Hockey From The Blind Side, Calling A Spade A Spade, Crappy, Inexcusable Officiating
By John Panarese
There are countless disadvantages to being blind. Without a doubt, from life experience, I can testify to this in many instances.
Additionally, being blind, one does miss a lot in every day life as well. In a sport, like hockey, which can be quite visual, I will readily admit that I have to rely on the descriptions and information given to me by others. There is simply no way around that reality for me.
Nevertheless, with all of that said, sometimes, you don’t need to see or have sight to know what is going on. The obvious can plainly be just that to even a blind person. There is no heightened senses or special intuition even required at times.
I have been around the game of hockey for so long that I can figure out elements of a game or even how specific plays in a game unfolded just because I have come to know the sport so well. There is no interpretation or explanation needed in these instances. Experience and familiarity tell me all I need to know, and I can come to my own conclusions without the help from anyone else’s eyes.
Officiating is not an easy task in a game like hockey. The game moves fast and furiously, and even the eyes of two referees is sometimes not enough to catch everything. On top of that, if you bring in the human factor of discretion, how a call or a missed call can be interpreted can be left up to debate and endless discussion. Things just often happen too quickly, and the literal blink of an eye can result in missing what seems utterly obvious to a fan watching the game.
Like Gary, I try to be as objective as possible when it comes to officiating in the NHL. It is not an easy job, and if I had my sight, I would not want to fill the shoes of any of those guys for an evening. The officials are often vilified and criticized on any given night, and they can never please either team playing in a game they are officiating. It’s simply a lose/lose situation in many instances.
Islander fans, as a breed, have often felt like our team is typically on the dirty end of the stick when it comes to officiated games. As an outsider or a fan of another team, one might be tempted to consider the griping and complaining in a dismissive manner. Sometimes, I will confess that the “whining” and “belly aching” even gets to me. Take any game played in the NHL, and you undoubtedly will be able to find a missed call or a bad call, or some example of a “wrong” being committed by a referee or linesman.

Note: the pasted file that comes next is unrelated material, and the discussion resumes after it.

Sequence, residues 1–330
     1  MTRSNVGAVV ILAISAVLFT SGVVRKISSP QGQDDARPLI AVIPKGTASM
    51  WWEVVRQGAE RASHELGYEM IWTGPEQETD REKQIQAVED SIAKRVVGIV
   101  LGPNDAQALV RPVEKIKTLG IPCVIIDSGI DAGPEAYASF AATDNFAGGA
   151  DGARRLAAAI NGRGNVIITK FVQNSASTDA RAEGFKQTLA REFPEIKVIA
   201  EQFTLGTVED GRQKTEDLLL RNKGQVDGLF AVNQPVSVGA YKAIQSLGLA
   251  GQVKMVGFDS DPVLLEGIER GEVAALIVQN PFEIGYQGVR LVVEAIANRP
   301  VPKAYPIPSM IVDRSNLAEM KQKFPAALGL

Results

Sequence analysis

I am a firm believer in the philosophy that good teams can play through bad officiating. If you are a good team, an off night by the officials should be something you can overcome. I have witnessed this countless times, and I try not to “blame” officiating for a loss when one can find obvious other reasons that were the underlying causes for a loss, such as bad goals, bad defense or missed scoring chances. It can be too easy to point to missed calls or bad calls and claim that they resulted in your team losing a game. Yes, there are certainly situations where this can be proven to be true, but I personally don’t like to put the blame squarely on the zebra stripes for an Islander loss, unless it is a glaringly obvious situation.
The back to back games were disgustingly glaring examples of this case. I don’t even think, “horrendous” can describe the lack of officiating that occurred. Particularly in Tuesday night’s overtime loss, the NHL should be embarrassed and mortified by the pathetically disgraceful display of “professional” officiating that we observed. It is one thing to miss a call here and there, but that was Absolutely an atrocity as far as I am concerned.